Of particular relevance are the following:
The Towada Art Center contributes to these goals in our capacity to maintain and manage a permanent collection and support the Arts Towada Project. In addition, we will continue to promote environmental initiatives, particularly those espoused in the CIMAM toolkit.
These efforts specifically address:
To give a specific example, starting in 2021, we have started gradually converting to LED lighting to improve the energy efficiency of our facilities. Operationally, the center has focused on its permanent collection, a practice that consumes less energy than museums with a focus on temporary exhibitions. From 2020 onward, we have reduced the number of temporary exhibitions to two annually and lengthened their exhibition durations in order to reduce energy consumption related to transport and installation.
Going forward, we will monitor our progress to gain insights that can inform future planning and ensure our commitment to sustainability.
Nanjo and Associates Group
Director: WASHIDA Meruro
Chief Administrative Manager: TOYOKAWA Hiroki
Curator: MITOME Sayaka
Curator: NAKAGAWA Chieko
Curator: TOYAMA Aruma
Educator: AOYAMA Maki
Public Relations: OTANI Sae
Concierge: TSUCHII Takaaki
Some of the most striking features of the Towada Art Center are the independent exhibition rooms that act as “houses for art,” interspersed throughout the facility and connected to each other by glass corridors. Dividing the spaces has allowed for better customization of the space to each artwork, creating a sense of intimacy and harmony within each room. The idea of interspersion came from the design of Towada’s main arterial–Kanchogaidori Avenue–where buildings and open spaces intertwine. The city itself organically mingles with art.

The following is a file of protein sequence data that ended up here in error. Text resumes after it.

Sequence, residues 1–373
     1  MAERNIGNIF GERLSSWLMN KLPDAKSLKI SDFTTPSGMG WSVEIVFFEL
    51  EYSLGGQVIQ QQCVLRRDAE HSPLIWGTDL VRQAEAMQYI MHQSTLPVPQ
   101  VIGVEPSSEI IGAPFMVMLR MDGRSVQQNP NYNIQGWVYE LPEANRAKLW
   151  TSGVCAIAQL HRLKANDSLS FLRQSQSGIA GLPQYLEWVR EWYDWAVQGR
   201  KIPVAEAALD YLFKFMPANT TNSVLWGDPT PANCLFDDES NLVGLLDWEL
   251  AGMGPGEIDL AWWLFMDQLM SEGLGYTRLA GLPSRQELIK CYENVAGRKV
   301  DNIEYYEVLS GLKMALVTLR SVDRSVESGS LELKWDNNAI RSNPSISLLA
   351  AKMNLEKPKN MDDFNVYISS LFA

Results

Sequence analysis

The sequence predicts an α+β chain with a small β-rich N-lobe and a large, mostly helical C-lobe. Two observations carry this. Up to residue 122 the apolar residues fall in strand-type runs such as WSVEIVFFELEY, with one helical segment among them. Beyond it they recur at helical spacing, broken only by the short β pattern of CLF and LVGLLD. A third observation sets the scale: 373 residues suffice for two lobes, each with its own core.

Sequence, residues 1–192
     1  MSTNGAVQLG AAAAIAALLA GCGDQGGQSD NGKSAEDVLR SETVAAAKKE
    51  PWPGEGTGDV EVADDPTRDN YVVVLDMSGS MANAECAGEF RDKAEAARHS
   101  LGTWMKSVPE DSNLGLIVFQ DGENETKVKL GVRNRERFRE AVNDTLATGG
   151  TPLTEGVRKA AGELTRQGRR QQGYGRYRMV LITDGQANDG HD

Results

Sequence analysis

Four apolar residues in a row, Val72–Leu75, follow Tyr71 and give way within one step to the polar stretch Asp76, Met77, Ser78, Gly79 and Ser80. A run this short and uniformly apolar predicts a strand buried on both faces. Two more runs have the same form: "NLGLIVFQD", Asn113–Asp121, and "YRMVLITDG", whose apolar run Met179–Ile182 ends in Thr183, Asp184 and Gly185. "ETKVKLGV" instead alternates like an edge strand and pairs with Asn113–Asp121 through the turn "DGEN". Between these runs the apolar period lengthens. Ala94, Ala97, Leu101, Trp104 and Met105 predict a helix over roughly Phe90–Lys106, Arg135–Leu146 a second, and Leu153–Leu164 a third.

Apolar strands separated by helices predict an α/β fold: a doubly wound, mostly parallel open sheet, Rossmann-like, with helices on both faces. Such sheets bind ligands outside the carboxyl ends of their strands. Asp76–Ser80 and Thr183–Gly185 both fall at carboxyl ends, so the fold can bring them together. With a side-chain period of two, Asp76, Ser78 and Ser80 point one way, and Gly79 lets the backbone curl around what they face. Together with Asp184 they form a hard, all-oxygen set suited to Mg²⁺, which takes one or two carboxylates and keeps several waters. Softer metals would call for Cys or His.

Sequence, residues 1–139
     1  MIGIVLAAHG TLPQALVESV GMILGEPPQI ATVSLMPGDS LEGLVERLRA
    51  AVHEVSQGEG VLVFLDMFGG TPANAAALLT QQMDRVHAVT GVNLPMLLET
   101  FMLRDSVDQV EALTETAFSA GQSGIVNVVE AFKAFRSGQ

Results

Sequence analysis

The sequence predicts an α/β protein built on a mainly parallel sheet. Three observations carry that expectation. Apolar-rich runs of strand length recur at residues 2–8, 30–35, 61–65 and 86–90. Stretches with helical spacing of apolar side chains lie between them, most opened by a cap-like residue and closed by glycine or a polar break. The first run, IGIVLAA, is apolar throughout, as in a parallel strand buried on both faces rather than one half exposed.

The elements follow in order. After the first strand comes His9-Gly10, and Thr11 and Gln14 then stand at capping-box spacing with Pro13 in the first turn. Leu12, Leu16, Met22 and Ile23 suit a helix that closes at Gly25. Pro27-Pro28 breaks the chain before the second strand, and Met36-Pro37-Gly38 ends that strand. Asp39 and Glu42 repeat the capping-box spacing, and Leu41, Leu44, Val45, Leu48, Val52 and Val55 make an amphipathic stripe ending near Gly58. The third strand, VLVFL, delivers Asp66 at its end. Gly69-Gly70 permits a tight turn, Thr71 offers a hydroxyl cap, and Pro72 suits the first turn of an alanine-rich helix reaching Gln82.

The building is filled with juxtaposition of large and small, creating a sense of continuity with the dynamism of the street outside, which is also lined with buildings large and small. This unique design also allows for the placement of outdoor exhibition spaces and event spaces, making it possible for visitors to simultaneously experience indoor and outdoor art.
Many of the exhibition spaces have wide glass openings that face in different directions, creating a sense that the artworks are exhibited for the city outside as well.
Born in Tokyo.
Master’s Degree, Yokohama National University Graduate School.
Joins Kazuyo Sejima and Associates.
1995: Establishes SANAA with Kazuyo Sejima.
1997: Establishes Office of Ryue Nishizawa.
Associate Professor, Yokohama National University Graduate School (Y-GSA).
Visiting Professor, Princeton University Graduate School.
Visiting Professor, Harvard University Graduate School.
2004: 21st Century Museum of Contemporary Art Kanazawa (museum; Ishikawa prefecture); 2005: Moriyama Residence (apartment house; Tokyo); 2005 N MUSEUM (museum; Tonosho, Kagawa prefecture)
(Asterisk indicates collaboration with Kazuyo Sejima)
Architectural Institute of Japan Prize, 1998 and 2006 (As SANAA)
La Biennale di Venezia International Architecture Exhibition Golden Lion Award, 2005 (As SANAA)
Mainichi Art Prize, 2005 (As SANAA)
SD Review Kajima Award, 2001
Minister of Education, Culture, Sports, Science and Technology The Young Scientists’ Prize, 2005
Rolf Schock Prize, 2005
This building, as an integral part of the concept of transforming the entire Kanchogaidori Avenue into an art museum, inevitably needs to be open and approachable. The activities happening within the building must continue seamlessly onto the street outside. To achieve that, we have divided the exhibition rooms into separate entities; their random interspersion throughout the facility allows for the intertwining of the indoor exhibition rooms and the outdoor art space.